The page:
A Family Recipe for the #FBCookieSwap

I follow and read about 35 food blogs. I love finding new recipes or new variations on old recipes and I love pinning them for future use. Last year, one of my favorite bloggers from Love and Olive Oil started something called the “Food Blogger Cookie Swap” with The Little Kitchen. I didn’t read about it early enough to participate but, I saw a lot of my favorite bloggers participating and saw tons of pictures of delicious cookies on Twitter. So, when I saw the notification for signups this year, I knew I had to participate.

When I signed up, I wasn’t really sure I would be accepted. I’m far from a blogger let alone a food blogger and their are requirements to make sure that the participants are active. Even though I wasn’t sure I met the qualifications, I decide to make my donation to Cookies for Kids’ Cancer and wait. If anything, I was able to donate to another great cause. To my (kind of) surprise, I was accepted and received three matches who would receive my cookies. They were Sarah from The Life Albumn, Jocelyn from Inside the BruCrew Life and Kimberly from Rhubarb and Honey. Each would receive one dozen of the same cookie. It had to be a recipe new to our blog.

The biggest problem I had was deciding on what to make. I am not a recipe developer. I’m more of a recipe tweaker. I like to find recipes and then adjust them a little bit to my taste but, that doesn’t even really qualify as “adapted” most times. However, there is one recipe that my mom and my aunt make for Christmas that I knew would be a hit – Sour Cream Horns. So, I asked mom for the recipe and instead of just giving it to me, she actually made some with me. That might not seem like a big deal but, this is a cookie that I’ve been eating for 25 years and have no idea how to make so, it was kind of a big deal.

Of course, the cookies turned out great and they fit perfectly in little treat boxes I had picked up at Michael’s. It was recommended to ship our cookies Priority Mail through USPS and that most boxes would fit in the medium flat rate. Since my boxes were much smaller than the flat rate box, I decided to wrap them in brown paper and ship Priority Mail but, not flat rate. It was also recommended that we add tracking to our packages. I really meant to do that but, in a rush at the post office, that didn’t happen. So, I was left to wait to hear from my matches that they received their packages.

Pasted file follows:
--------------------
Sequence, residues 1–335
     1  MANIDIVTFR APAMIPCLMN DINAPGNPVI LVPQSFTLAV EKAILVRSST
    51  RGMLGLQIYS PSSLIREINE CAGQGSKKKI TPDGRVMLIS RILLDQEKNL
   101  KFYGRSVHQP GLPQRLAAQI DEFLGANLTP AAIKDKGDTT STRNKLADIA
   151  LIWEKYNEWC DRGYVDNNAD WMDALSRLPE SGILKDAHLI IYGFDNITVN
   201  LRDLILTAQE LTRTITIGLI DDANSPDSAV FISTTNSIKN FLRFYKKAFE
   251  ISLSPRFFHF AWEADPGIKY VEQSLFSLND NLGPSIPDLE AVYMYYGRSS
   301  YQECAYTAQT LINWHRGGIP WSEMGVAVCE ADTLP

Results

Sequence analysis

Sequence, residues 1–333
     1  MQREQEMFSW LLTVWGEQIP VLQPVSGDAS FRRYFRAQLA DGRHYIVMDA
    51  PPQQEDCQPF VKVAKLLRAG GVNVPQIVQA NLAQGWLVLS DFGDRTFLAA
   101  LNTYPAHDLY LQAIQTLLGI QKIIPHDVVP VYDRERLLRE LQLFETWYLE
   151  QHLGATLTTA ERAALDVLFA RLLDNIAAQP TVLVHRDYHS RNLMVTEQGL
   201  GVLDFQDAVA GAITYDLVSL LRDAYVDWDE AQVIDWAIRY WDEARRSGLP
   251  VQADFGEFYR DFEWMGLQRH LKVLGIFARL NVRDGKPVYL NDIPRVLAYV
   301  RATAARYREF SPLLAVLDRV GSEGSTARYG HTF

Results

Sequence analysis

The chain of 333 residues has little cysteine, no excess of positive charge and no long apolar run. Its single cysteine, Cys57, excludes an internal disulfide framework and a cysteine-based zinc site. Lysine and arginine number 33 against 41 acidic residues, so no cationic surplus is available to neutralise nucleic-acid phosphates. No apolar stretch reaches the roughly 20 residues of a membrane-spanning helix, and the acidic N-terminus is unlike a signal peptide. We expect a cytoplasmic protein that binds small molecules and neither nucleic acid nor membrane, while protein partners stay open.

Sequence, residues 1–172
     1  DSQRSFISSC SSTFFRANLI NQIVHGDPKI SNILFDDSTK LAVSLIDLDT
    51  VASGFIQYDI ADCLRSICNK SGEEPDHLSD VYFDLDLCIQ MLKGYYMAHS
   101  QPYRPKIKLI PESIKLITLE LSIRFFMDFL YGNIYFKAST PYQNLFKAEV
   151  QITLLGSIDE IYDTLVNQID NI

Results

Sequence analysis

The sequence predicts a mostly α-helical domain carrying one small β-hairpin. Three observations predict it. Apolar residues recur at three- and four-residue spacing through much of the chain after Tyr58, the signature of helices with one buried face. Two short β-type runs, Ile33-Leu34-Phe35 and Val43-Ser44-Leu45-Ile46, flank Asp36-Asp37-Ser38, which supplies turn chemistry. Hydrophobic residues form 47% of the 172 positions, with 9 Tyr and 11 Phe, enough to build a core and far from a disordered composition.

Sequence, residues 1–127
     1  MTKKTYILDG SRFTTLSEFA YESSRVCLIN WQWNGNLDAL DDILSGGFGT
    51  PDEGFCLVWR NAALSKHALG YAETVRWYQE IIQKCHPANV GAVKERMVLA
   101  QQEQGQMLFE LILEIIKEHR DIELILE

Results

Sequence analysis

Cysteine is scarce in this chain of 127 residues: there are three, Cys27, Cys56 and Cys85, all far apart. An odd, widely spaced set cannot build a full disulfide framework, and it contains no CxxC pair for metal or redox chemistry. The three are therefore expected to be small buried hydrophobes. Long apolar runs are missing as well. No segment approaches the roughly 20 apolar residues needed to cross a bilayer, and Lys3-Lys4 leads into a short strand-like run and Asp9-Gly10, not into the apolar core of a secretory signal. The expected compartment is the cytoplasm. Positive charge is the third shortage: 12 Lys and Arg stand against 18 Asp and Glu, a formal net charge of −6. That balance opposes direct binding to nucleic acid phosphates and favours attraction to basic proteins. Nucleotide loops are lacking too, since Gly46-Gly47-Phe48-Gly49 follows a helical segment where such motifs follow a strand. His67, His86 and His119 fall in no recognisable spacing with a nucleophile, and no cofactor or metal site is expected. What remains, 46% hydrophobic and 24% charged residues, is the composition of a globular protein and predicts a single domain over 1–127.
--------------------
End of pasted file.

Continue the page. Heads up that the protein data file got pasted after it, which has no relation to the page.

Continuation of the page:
Priority Boxes


Let me tell you something that I learned…Priority Mail is a joke. When I clicked through on the little screen it said 2-3 days. Apparently that means 5 days. Thankfully, all my cookies arrived safely at their destinations and seemed to be enjoyed by all. I also received three packages of delicious, homemade cookies from three other bloggers; most of which were gone within a couple days.

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Overall, my first #FBCookieSwap was a great experience. I had fun making my cookies, connecting with other bloggers and trying some new cookies. If I were to do it again next year, I would remember to track my packages. Not knowing was kind of stressful. If you think you might want to participate next year, I highly recommend signing up to receive the #FBCookieSwap notifications here. It was a fun experience and one that I would recommend. Now for the recipe…

Sour Cream Horns


Sour Cream Horns

1lb of Butter

Two Eggs, Separated

1 1/3 cups of Sour Cream

4 cups of All Purpose Flour, Separated

1 1/2 cups Sugar

1 1/2 cups Finely Chopped Walnuts

4 teaspoons Cinnamon

Mix together the butter, egg yolks and sour cream. Add in 3 cups of flour.

Put 1/2 cup to 1 cup of flour on a board. Turn out the dough on to the board and kneed 15 times, folding the dough in between kneeding. Incorporated enough flour to create a moist but firm dough.